There’s nothing like reading a book and laughing with the characters, crying when they have a tragedy, getting chills when suspense rocks them. It’s what makes us read late into the night when we should be sleeping. Gripping stories are why we can’t put a book down to start dinner when we should.
What sets those kind of books apart from the rest? What makes us forget our world for just a bit as we venture into another?
The answer is emotion. We need to feel like we can relate to the protagonist in the story on a personal level. Without it, we can’t connect. A storyline falls flat.
Here’s some tips to help inject more emotion into your writing:
- Show the character’s feelings.
- They put their hands on their hips.
- She slammed her fist on the table.
- He rubbed his neck and looked away.
- Dig deeper into why your character responds the way they do.
- Make sure your protagonist is flawed.
- Keep some of their past hidden until necessary. It’ll keep the reader guessing as to why they act, react, or overreact.
- Show that your character doesn’t have all the answers through their frustrations, wants, and needs.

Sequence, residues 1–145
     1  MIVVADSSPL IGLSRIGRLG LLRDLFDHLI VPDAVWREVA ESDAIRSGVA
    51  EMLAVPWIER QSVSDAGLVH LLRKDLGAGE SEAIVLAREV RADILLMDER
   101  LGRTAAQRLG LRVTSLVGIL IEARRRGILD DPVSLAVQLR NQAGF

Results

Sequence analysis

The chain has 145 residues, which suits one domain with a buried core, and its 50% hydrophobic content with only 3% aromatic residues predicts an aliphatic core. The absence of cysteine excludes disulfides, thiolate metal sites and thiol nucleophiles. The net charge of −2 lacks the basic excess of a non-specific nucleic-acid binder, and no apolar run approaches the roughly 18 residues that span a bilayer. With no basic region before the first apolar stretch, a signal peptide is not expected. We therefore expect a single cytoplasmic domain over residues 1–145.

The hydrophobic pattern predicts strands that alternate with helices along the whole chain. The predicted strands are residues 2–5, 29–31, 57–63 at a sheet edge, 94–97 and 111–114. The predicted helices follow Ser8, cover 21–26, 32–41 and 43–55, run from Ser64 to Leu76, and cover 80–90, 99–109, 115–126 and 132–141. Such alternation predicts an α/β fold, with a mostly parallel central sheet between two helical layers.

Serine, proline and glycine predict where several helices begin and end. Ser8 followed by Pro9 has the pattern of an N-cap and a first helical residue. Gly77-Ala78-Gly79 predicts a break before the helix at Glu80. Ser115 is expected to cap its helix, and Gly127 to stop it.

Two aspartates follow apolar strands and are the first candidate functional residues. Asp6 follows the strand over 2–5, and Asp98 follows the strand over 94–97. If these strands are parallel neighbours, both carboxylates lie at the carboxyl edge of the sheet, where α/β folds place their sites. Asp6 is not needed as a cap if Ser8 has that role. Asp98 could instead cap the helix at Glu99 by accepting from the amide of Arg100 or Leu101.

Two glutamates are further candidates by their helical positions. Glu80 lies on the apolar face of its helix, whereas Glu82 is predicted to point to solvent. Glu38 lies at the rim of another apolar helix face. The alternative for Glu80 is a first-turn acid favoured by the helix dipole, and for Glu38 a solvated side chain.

- Keep their personality consistent. Avoid sudden shifts or you’ll lose the reader.
- Allow them to have some type of emotional victory even if the story doesn’t have a happy ending.
A great story has many elements, but one of the most important ones is using emotion to hurtle your story above the rest. Make us want to turn the pages. Give us something to connect with. Show us how your characters feel. If you use emotion to help tell your story, your writing won’t be just words, it’ll be a victory of connecting with your readers.
0 thoughts on “The Emotional Side of Writing”
Sometimes I think I do that, then go back and realize it needs more. And more. And more.
A writer's work is never done. I'm running into that with my latest finished manuscript.